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Illuminating the transition from an open to a semi-closed volcanic vent system through episodic tremor duration and shape
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  • Eva Patricia Silke Eibl,
  • Thorvaldur Thordarson,
  • William M Moreland,
  • Egill Árni Gudnason,
  • Ármann Höskuldsson,
  • Gylfi Pall Hersir
Eva Patricia Silke Eibl
University of Potsdam

Corresponding Author:[email protected]

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Thorvaldur Thordarson
University of Iceland
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William M Moreland
University of Iceland
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Egill Árni Gudnason
ISOR Iceland GeoSurvey
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Ármann Höskuldsson
University of Iceland
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Gylfi Pall Hersir
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Volcanic eruptions generate continuous or episodic tremor, which can provide unique information about activity changes during eruption. However, the wealth of information in episodic tremor patterns is often not harvested and transitions between patterns remain obscure. The 2021 Geldingadalir eruption of the Fagradalsfjall Fires, Iceland, is an exceptional case, where the lava effusion caused continuous tremor, and 8696 tremor episodes spanning two orders of magnitude in duration and repose. Based on seismometer and video camera data, we associate several-minute-long, symmetrical episodes with an open vent system, where lava remains in the crater bowl during repose, connected to a shallow magma compartment. Ramp-shaped episodes, lasting several hours, are associated with a temporary closure of the vent system, where no lava remains in the crater bowl during repose and more time is required to resume effusion. The transition from continuous to episodic effusion is related to the cumulative time spent in effusion and repose, and to external factors like crater wall collapses.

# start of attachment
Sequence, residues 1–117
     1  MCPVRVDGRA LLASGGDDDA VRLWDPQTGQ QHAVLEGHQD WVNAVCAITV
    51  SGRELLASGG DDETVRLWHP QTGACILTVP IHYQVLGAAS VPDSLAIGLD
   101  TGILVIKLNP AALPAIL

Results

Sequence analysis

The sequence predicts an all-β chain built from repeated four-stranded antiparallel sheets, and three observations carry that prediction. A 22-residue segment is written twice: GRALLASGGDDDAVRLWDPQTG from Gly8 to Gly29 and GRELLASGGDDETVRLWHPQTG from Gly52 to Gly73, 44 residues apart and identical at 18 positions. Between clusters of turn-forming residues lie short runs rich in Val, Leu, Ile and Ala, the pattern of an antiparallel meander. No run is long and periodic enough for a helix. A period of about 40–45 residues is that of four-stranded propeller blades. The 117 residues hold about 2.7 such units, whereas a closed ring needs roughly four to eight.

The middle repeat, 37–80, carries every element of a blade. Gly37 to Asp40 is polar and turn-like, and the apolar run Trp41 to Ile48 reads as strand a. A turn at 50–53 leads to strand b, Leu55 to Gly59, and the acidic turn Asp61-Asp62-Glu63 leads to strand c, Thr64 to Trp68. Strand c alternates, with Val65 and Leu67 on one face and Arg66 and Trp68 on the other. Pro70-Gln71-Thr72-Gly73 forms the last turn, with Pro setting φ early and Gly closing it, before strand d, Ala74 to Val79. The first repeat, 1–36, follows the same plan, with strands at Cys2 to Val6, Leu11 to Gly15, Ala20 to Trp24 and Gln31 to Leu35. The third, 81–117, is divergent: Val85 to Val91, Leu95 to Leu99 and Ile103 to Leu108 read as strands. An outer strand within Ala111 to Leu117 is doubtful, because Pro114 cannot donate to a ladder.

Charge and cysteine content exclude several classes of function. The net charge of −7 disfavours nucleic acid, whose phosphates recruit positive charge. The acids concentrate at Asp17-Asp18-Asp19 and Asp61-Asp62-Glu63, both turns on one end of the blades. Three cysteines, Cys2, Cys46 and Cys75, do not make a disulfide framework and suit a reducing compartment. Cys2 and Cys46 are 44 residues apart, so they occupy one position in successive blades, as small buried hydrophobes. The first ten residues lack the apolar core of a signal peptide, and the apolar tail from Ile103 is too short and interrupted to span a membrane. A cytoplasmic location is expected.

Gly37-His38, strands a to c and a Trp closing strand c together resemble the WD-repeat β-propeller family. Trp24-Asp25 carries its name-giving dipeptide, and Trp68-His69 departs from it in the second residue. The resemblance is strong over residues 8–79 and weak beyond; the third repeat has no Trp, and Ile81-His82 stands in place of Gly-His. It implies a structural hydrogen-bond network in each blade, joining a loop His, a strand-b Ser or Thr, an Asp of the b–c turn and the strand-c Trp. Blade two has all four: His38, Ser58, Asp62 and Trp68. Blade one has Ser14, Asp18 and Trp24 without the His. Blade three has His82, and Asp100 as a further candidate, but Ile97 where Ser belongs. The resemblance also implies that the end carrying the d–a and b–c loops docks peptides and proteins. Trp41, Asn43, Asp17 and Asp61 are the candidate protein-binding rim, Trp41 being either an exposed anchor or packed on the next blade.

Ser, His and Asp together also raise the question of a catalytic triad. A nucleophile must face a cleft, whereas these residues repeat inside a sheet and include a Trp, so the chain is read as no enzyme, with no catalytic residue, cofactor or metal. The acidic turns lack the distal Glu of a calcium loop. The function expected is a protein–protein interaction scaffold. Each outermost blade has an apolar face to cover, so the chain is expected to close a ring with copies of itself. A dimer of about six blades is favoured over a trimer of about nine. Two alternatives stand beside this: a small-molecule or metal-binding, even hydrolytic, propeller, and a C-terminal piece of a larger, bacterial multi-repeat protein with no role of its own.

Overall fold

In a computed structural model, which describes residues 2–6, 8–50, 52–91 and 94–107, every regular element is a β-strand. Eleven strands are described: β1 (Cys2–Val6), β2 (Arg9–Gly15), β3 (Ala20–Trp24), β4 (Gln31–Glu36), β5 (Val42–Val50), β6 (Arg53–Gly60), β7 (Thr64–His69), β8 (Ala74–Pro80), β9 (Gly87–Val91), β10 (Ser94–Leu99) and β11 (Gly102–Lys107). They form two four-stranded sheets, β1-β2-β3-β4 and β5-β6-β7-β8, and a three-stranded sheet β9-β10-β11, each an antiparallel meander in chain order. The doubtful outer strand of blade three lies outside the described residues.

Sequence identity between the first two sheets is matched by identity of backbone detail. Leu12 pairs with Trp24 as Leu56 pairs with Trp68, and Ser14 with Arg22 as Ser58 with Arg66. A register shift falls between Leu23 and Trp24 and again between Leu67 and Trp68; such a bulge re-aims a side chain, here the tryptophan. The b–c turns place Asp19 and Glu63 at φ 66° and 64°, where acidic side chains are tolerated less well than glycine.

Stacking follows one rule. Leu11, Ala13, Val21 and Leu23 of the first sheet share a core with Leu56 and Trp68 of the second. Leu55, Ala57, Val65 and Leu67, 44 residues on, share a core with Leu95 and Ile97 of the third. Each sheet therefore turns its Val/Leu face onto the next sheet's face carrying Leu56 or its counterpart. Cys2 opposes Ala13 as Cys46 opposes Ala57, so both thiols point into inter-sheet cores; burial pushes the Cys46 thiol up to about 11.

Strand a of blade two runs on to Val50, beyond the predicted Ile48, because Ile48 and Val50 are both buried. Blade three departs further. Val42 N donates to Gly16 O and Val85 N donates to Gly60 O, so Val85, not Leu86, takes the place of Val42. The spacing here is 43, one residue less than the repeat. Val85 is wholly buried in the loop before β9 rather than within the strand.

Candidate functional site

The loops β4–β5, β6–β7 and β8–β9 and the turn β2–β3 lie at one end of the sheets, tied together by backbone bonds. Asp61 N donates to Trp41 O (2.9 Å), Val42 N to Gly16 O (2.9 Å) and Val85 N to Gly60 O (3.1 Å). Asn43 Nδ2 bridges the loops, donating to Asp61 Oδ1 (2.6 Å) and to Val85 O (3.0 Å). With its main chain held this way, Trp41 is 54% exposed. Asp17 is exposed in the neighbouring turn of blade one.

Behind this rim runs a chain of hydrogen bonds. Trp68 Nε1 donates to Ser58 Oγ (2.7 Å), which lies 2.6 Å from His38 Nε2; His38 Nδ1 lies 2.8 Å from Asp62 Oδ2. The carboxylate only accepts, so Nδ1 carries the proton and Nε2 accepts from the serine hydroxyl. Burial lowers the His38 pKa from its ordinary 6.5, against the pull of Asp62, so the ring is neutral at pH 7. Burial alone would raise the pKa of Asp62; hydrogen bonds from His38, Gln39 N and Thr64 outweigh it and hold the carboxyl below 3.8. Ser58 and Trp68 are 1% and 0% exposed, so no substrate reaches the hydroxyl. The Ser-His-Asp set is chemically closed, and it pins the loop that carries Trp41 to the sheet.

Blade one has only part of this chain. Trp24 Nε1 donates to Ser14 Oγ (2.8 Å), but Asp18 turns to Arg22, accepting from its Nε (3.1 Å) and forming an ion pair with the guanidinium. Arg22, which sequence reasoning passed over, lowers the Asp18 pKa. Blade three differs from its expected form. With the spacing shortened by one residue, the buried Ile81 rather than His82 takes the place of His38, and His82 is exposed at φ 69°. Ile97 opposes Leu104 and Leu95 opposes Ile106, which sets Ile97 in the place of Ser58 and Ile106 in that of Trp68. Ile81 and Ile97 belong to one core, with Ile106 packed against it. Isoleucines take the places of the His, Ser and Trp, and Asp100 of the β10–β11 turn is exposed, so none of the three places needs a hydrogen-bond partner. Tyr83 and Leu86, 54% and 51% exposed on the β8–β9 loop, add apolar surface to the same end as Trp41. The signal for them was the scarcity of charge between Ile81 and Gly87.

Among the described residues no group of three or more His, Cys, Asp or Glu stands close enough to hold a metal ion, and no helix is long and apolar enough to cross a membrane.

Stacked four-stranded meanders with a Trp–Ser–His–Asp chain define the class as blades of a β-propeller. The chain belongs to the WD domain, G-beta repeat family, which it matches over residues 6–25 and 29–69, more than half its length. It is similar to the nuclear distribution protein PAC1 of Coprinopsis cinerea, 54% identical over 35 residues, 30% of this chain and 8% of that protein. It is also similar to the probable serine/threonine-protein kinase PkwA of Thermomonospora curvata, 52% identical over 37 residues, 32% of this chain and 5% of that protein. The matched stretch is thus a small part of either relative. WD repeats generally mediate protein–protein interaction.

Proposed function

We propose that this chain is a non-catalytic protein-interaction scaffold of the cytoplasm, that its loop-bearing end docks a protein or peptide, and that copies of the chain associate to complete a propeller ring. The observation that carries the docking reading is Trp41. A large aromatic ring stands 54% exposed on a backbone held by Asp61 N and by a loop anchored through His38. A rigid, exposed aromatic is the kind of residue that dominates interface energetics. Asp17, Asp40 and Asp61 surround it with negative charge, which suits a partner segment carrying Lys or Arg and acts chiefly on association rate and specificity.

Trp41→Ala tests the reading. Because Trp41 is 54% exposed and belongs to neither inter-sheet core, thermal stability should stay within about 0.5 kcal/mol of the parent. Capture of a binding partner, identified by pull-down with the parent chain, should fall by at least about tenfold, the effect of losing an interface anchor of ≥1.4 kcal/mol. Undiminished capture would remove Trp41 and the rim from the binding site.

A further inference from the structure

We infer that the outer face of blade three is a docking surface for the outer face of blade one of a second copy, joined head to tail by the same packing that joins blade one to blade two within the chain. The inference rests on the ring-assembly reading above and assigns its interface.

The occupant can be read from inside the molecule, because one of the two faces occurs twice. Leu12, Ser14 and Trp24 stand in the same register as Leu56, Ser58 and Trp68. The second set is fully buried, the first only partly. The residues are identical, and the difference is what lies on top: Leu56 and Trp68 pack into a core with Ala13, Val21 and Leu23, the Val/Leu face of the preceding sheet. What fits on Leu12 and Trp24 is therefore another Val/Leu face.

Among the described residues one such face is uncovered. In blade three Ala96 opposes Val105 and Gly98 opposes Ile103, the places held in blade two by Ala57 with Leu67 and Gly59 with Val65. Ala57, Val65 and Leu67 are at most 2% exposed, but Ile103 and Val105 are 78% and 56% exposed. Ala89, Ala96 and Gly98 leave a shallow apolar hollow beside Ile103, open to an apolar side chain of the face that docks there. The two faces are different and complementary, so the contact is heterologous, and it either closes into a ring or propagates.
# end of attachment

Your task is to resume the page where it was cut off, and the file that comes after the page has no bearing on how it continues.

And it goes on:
22 Nov 2023Submitted to ESS Open Archive
27 Nov 2023Published in ESS Open Archive